DATE OF JUDGEMENT:
- Petitioner: Hammad Ahmed
- Respondent: Abdul Majeed &ors.
- Hon’ble Justice Hemant Gupta
Section 39 of the Specific Relief Act, 1963 categorically deals with the grant of mandatory injunction. Since such mandatory injunctions are granted only under exceptional circumstances, court in this judgement held that unless clear and prima facie material justifies a finding that status quo has been altered by one of the parties, the order in mandatory injunction can be given.
- Section 39 – Mandatory injunctions- The object of a mandatory injunction is to restore plaintiff to the original condition and not create a new state of things. It is a most exceptional remedy applied with the greatest safeguard.Two elements have to be taken into consideration.
- Court has to determine what acts are necessary in order to prevent a breach of the obligation.
- The requisite acts must be such as the Court is capable of enforcing.
- Hakim Hafiz Abdul Majid started the business of Hamdard as a sole proprietor in the year 1906. He died on 22.06.1922 leaving behind his wife, and two sons. These three executed a deed on 28.08.1948 that in case of death of any trustees, he would be replaced by his eldest son.
- Eventually, Haji Hakim Abdul Hamid (eldest son of the founder) became the sole surviving Wakif Mutawalli. He appointed his two sons Abdul Mueed, and Hammad Ahmed as Mutawallis in 1964.
- In 1955, the Wakif Mutawalli appointed his grandsons Abdul Majeed (eldest son of Abdul Mueed) and Hamed Ahmed (eldest son of Hammad Ahmed) as fourth and fifth Mutawalli.
- On 04.07.1995, the Wakif Mutawalli constituted the Board of Mutawallis. Abdul Mueed was declared as Vice Chairman and his son Abdul Majeed as Secretary of the Board of Mutawallis and Hammad Ahmed as Senior Mutawalli.
- After the death of Wakif Mutawalli, AsadMueed (the younger son of Abdul Mueed ) was appointed as the fifth Mutawalli by Abdul Mueed (the chief Mutawalli). The dispute started in 2015, after the death of Abdul Mueed, the first and last undisputed Chief Mutawalli, when Sajid Ahmed son of Hammad Ahmed was appointed as fifth Mutawalli and Hammad Ahmed claiming himself to be the Chief Mutawalli.
- Various family members filed several suits in Delhi High Court claiming to be Chief Mutawalli. In October 2017, the single bench of Delhi High Court ruled in favor of Hammed Ahmed who asserted his claim for being the eldest male descendent.
- The appeal was then filed before a Division Bench who set aside single judge's orders. Then Hammad Ahmed approached the Supreme Court for interim relief to temporarily run the affairs of Hamdard.
- Appellant contented that there is no bar on the court to grant on injunction because even if it is illegal at the interim stage but the Appellant is entitled to control of Chief Mutawalli as he is the senior-most male descendent in the line of Wakif Mutawalli.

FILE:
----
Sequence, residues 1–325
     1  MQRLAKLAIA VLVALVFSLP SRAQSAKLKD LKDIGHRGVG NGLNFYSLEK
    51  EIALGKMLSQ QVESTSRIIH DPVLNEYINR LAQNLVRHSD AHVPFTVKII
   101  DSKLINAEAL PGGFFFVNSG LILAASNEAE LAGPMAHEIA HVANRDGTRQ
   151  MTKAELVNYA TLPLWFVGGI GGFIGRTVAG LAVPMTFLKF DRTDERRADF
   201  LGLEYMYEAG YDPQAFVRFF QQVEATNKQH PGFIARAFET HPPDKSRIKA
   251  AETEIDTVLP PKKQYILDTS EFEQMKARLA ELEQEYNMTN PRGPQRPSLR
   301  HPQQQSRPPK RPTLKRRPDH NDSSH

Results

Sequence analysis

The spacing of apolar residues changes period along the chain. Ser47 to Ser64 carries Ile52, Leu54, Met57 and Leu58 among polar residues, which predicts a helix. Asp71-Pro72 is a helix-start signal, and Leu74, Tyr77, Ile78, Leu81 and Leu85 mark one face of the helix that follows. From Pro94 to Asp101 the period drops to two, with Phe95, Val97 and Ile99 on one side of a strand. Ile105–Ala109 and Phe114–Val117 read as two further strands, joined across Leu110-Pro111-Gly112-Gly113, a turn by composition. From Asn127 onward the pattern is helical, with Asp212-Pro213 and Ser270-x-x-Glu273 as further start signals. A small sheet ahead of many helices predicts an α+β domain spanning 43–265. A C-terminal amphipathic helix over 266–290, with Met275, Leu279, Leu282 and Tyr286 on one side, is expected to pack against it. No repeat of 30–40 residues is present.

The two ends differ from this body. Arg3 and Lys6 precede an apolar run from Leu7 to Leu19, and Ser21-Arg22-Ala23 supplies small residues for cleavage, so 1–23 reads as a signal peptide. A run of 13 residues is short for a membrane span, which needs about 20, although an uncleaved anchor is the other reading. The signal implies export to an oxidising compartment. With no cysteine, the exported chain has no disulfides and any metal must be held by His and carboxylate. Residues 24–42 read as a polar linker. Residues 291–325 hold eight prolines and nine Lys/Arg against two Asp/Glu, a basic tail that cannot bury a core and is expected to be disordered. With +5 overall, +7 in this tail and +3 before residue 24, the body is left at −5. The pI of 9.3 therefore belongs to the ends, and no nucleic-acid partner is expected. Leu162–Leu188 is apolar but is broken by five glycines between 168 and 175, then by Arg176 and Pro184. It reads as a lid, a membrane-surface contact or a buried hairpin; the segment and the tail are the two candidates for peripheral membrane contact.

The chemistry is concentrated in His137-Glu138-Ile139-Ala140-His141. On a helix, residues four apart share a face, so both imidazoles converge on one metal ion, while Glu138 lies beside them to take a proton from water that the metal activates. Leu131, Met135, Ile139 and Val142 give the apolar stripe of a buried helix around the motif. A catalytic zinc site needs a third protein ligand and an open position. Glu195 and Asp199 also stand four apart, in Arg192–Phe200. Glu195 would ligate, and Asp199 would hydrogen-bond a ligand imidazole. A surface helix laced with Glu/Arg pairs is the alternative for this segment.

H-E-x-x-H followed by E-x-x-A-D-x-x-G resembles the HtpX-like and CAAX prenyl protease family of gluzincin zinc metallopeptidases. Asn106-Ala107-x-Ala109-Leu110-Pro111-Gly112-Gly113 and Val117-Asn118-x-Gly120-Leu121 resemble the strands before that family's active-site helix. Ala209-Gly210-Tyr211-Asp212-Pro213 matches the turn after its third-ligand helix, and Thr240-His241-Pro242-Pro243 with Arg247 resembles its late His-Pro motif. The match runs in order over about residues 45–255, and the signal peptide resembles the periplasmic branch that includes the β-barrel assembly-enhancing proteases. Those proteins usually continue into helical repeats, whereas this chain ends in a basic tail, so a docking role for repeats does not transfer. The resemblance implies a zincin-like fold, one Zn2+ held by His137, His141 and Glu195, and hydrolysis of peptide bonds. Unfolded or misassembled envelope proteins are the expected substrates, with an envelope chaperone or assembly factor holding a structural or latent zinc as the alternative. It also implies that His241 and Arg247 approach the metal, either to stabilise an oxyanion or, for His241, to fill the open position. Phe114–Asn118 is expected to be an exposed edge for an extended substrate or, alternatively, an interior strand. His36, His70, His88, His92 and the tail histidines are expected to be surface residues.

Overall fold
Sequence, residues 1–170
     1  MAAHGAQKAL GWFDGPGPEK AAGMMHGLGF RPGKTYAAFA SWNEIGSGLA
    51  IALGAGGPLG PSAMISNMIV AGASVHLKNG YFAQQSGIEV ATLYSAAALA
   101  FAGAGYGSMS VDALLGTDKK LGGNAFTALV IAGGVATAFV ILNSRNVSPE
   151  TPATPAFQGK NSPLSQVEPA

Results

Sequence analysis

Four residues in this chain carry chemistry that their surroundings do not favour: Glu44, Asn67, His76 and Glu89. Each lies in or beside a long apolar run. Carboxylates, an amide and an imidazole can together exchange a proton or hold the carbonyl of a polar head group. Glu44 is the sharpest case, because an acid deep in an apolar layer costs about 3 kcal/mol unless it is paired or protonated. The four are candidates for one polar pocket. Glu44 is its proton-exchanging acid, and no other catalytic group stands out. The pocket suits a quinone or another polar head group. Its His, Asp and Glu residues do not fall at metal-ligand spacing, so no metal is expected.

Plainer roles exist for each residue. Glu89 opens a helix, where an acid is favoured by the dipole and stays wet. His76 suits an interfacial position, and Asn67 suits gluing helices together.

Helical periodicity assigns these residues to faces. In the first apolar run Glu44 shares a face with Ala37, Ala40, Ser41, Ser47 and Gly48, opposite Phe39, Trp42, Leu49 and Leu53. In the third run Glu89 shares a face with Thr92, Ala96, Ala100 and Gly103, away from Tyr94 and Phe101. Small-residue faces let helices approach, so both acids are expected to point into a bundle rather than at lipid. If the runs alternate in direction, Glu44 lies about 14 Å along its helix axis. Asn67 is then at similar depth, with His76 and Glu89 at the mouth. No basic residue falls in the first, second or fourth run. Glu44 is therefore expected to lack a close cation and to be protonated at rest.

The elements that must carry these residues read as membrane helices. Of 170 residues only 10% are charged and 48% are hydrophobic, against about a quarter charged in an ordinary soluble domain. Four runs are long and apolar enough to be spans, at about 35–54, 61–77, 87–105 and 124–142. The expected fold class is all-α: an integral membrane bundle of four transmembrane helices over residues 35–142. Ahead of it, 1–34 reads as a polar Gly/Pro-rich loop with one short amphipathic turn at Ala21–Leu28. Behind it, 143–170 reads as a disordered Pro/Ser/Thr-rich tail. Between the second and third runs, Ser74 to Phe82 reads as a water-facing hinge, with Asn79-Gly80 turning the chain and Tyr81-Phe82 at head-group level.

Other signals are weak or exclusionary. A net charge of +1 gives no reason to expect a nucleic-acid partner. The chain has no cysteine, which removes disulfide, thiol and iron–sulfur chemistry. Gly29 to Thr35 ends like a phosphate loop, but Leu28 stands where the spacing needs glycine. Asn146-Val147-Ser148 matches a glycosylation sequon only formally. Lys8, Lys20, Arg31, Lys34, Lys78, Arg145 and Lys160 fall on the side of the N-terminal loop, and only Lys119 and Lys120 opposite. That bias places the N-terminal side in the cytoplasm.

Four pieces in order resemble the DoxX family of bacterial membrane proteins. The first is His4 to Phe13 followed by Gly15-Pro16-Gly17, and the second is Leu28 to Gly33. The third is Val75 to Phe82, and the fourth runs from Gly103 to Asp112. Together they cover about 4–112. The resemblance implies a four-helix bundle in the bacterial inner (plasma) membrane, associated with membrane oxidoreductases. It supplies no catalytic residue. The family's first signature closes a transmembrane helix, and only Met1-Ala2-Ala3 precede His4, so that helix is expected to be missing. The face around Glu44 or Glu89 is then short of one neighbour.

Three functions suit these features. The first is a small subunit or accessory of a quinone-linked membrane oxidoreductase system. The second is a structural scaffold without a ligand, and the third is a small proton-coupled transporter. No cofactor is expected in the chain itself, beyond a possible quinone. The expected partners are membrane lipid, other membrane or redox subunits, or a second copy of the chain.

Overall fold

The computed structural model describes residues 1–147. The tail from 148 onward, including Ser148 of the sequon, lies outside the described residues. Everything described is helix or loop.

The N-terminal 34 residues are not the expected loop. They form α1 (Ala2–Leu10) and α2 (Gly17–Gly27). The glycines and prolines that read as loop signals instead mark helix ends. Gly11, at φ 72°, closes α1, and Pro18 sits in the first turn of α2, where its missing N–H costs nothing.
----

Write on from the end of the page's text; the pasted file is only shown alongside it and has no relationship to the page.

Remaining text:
- On the other hand, the respondent argued that in an application under Order XXXIX Rules 1and 2 of the Code, the court will not grant interim mandatory relief resulting in the creation of an entirely new state of affairs that hitherto never existed. Further it was argued that the Division Bench has remitted the matter back to a single bench to frame a neutral administrative oversee mechanism for the management of Hamdard to balance the interest of the parties. Therefore, the order passed by the Division Bench does not require any interference.
- The Supreme Court decided to set aside Division Bench orders, giving Hammad Ahmed green light to temporarily run the affairs of Hamdard until the main suit is decided by the Delhi High Court. The court held that the ad interim mandatory injunction is to be granted not at the asking but on strong circumstance so that to protect the rights and interest of the parties so as not to frustrate their rights regarding a mandatory injunction.
- The court that the court will grant an interim relief only if it is satisfied that withholding it will prick the conscience of the court and do injustice to the parties.
- The court also held that situations may emerge where on one hand granting an interim relief will amount to granting the final relief itself and on the other hand dismissal of relief will amount to dismissal of the main petition because by the time the main matter comes up for hearing there would be nothing left to be allowed as a relief to petitioner though all the findings may be in his favour.
To decide in a prima facia case with a much higher standard, the consideration of the balance of convenience and irreparable injury may persuade the court to grant interim relief. Of course, suchshould be a rare and exceptional case.